Legislation to prohibit schools from using public property to support or oppose a referendum advances in State Senate

NASHVILLE, Tenn. – Legislation that would ban use of public school property owned by any government entity in Tennessee to promote the adoption or rejection of any referendum on the ballot is headed to the Senate floor for final consideration.  Senate Bill 547, sponsored by Senator Mike Bell (R-Riceville), prohibits public schools from displaying signs or messages in support of or opposition to a referendum or use of a school’s video, audio, telephone or electronic equipment for such purposes.

The move comes after controversy erupted last summer regarding the use of public school telephones and marquee signs advocating the adoption of a wheel tax in Bradley County.  Current law provides that it is unlawful to use public buildings or facilities for meetings or preparation of campaign activity in support of any particular candidate, party or measure unless reasonable equal opportunity is provided to all sides.    However, that law does not apply to referendums.  Bell’s legislation bans the use of public school property for both sides when a referendum issue is involved.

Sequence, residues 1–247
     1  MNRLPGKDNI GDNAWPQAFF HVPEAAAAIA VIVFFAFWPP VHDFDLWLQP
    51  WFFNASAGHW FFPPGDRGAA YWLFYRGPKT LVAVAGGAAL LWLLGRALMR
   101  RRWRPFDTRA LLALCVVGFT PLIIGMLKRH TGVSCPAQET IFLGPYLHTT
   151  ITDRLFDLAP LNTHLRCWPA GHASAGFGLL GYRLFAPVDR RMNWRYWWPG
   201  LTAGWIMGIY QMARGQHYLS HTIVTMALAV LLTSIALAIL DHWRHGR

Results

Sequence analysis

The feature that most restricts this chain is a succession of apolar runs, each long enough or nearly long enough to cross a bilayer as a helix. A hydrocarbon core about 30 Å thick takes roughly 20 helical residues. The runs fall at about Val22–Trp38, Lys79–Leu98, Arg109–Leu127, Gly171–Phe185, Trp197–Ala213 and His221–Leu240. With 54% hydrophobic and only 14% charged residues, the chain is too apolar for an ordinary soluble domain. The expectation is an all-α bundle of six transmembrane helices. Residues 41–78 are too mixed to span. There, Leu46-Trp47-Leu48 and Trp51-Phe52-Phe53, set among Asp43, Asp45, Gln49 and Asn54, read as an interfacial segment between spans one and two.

“I was contacted by many constituents who complained that taxpayer-funded school property was being used to promote a tax measure on the ballot,” said Senator Bell.  “We don’t need to let our school yard become a political battleground.  My legislation will make it clear that school property cannot be used to advertise for or against any referendum measure on the ballot.”

“This is a matter of fairness to those on both sides of a referendum issue,” added Bell.  “There are many other ways that those who are for or against a measure can get out their message.  Advocating for a ballot measure using school property is not a good practice and this legislation will clear it up once and for all.”

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